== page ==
Prologue - Adanna
The last thing I remember before going to sleep last night was the pain in my gut and the question of what I would wear to church
this morning. These worries are for nothing, because I have no food and only rags to wear. Today is Easter Sunday. Pastor Walter calls it
“Resurrection Sunday.” A day of hope.
I think about what hope means for the people in my village. I try to imagine them rising up in glory, as Pastor says. But I only see twisted bodies, bones poking out of paper skin. They do not rise.
They lie in mounds of yellow dirt. I think of my own body, wasting away because I haven’t eaten for days.
Sometimes I wonder if the gods don’t like me. Maybe it’s because I am dirty and stained, like old rags. I’ve been told by Pastor and Momma, “Easter means new life.” But our lives never change.
Stepping outside my home, a shimmering road unfolds in front of me. It is smooth, like a gift wrapped in gold.
Voices from ahead call out to me, and one foot hurries to catch the other. The sounds are beautiful, like a choir, their voices layered in perfect harmony.
I’ve never felt a road so smooth. It’s like walking on cool water.
The roads I know are brown and rocky.
A magical energy flows through every part of me from my feet to my head, refreshing my tired body. How can something so unfamiliar feel like home?
But this place is nothing like home. The horizon blazes beautiful, glowing colors—violet, blue, and amber dance like giddy fairies. The land is on fire with color.
I turn and see rows of trees taller than any I have ever seen. I could swing from their branches. I would write poems about their splendor. The leaves are leaping for joy. The apples hanging from the trees look like red balloons. One could feed me for a week.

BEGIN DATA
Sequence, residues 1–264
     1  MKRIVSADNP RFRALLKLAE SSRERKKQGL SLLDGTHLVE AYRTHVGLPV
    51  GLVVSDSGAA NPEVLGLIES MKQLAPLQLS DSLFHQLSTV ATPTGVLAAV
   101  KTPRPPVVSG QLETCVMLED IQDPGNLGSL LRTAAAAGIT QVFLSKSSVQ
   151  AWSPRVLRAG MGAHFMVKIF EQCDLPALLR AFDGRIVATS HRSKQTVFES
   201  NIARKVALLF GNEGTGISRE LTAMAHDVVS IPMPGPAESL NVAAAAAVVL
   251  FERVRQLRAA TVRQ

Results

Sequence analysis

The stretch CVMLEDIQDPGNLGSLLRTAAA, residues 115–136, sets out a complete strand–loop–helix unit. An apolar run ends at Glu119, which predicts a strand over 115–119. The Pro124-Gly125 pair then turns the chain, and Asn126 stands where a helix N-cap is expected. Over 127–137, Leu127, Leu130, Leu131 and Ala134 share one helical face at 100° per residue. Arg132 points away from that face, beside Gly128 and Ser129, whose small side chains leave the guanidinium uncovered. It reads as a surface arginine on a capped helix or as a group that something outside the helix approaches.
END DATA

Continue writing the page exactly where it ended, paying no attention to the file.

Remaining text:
Here, people do not pick up moon rocks and die.
My throat is parched, so I run to the banks of a river. The water is like crystal. It is so perfect I do not want to touch it, but I cannot help myself. I cup my hands and thrust them down to
get a drink.
When I pull out my hands, they are no longer brittle and cracked. They appear soft, even glowing. My hands are new.
Thirst spreads from my mouth to every cell in my body.
I glide through the water like the colorful fish around me, swimming free. Forgetting I am underwater, I suck in a breath. I expect to choke, but I do not. Taking another breath whisks me out of the water and onto the bank.
The jagged scar on my arm has disappeared. I feel new. Not hungry or sick. Even my scars on the inside seem to be gone. In the distance a marvelous light pulsates, lustrous, pure, and white. What shines so warm and soft?
The voice sounds like a thousand mighty rivers, a thundering boom. But I am not afraid.
“Who are you? And how do you know my name?”
“Adanna. Come closer.”
I move toward an illuminated man. He is sitting in a golden chair. The music of many villages rises from where he sits. Love pours out, giving life to the grass, the trees, and I feel it growing roots in
“Are you the ruler of this world?”
“I am. This world and many others. I’ve waited a long time to be with you.”
“I do not know who you are.”
“I have known you, Adanna,” he chuckles, “for a very long time. I have watched you grow. I have delighted in seeing you play, and I have rejoiced over how you have matured. My love has always
Maybe he is one of my ancestors.
“I’m not one on your ancestors, but you are one of mine.”
How did he hear me?
“I do not think I have ever met you.”
“Oh, but you have. Come closer, Adanna. I want to show you something.”
Cautiously, I step forward. He is inviting me with his smile. He stretches out and opens his hand. On it there is writing.
“That is my name, but how did it get there?”
“I put it there.”
“Because I have always loved you.”
“But I am nothing special.”
“Adanna, if you only knew the greatness inside you. You must trust me; I will draw out of you what the world needs to see. Here is your gift. Use it wisely. It will make the way clear for you, and it will
save many of your people.”
He extends a white scroll made of lamb’s skin and hands it to me. I reach up and receive the scroll. “Thank you, sir. I am most grateful. May I ask who you are?”
“You will know, soon.”
“Can I stay here?”
“Not now, but the time will come. Just remember this: No matter where you go, I will be there to help you.”
“What is your name?”
“Whatever You Need. That is my name.”
“I do not understand.”
I take the parchment in my hands. I untie a silk ribbon and unroll it.
My eyes open, and the thatched roof of my hut shudders in the wind.